- helpful votes
- Tawny Man Trilogy, Book 1
- By: Robin Hobb
- Narrated by: Nick Taylor
- Length: 23 hrs and 9 mins
Return to the world of the Farseers… Robin Hobb’s best loved characters, Fitz , The Fool and Nighteyes the wolf, face new adventures and trials in the first book of The Tawny Man trilogy. When Assassin’s Quest closed, Fitz was living in self-imposed exile. Wracked with pain, he had chosen to discard the magical gifts that had seen him survive the wonders and torments of navigating the legendary city of the Elderlings, and of raising a dragon.
Terrible Performance for a great story
- By Evan on 10-10-2018
Amazing story, great reading, average production.
While Nick Taylor does a great job of narrating Robin Hobbs amazing stories, the production of this book is fairly woeful. Hobbs has an amazing knack for poignancy at chapter end. Whether it's a wistful lilt, a bombastic cliff hanger or a mournful dirge, all of which this book boasts in plenty, the end of each chapter requires a breath of calm reflection so the mind can process. This production lacks that. At the end of a heartbreaking chapter, as soon as the last word has been read, without half a second passing the production plows on with a neutral "Chapter X". This sounds like a small thing but i challenge you to listen to this and not take note of the savagely abrupt transitions which, in my opinion, negatively effects the product. Brilliant story, wonderful voice acting and terrible production.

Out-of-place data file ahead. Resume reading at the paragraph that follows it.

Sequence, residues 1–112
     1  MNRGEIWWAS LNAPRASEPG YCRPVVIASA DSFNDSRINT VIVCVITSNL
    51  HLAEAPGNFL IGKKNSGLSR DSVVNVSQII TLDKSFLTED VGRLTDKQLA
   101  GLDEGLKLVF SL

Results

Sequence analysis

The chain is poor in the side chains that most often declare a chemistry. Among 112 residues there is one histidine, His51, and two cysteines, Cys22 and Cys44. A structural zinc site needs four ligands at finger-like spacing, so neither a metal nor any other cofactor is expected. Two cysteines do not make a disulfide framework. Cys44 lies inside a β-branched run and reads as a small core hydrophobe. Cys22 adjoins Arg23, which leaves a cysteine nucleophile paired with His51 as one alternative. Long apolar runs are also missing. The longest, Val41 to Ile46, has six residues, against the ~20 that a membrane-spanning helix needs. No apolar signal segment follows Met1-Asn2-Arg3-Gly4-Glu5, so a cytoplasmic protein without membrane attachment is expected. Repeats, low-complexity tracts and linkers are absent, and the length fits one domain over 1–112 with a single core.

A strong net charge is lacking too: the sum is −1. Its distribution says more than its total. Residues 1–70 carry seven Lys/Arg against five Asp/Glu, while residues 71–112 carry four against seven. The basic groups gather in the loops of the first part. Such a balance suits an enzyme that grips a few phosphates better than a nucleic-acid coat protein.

1 person found this helpful
- By: Stephen King
- Narrated by: Steven Weber
- Length: 44 hrs and 53 mins
To the children, the town was their whole world. To the adults, knowing better, Derry, Maine, was just their hometown: familiar, well ordered for the most part. A good place to live. It was the children who saw - and felt - what made Derry so horribly different. In the storm drains, in the sewers, IT lurked, taking on the shape of every nightmare, each one's deepest dread. Sometimes IT reached up, seizing, tearing, killing....
- By Travis on 13-10-2016
beautiful and horrific.
With a story line so deep that it leaves you drowning in a torrent of horrific experiences, Stephen Kings It is like a parasite, sucking fear out of the darkness, digesting and excreting it as love. The character development is so complete that the reader feels not only that they know the characters, but that they are involved with them and an invisible player in their stories
An undeniably brilliant story told in masterful style.
9 people found this helpful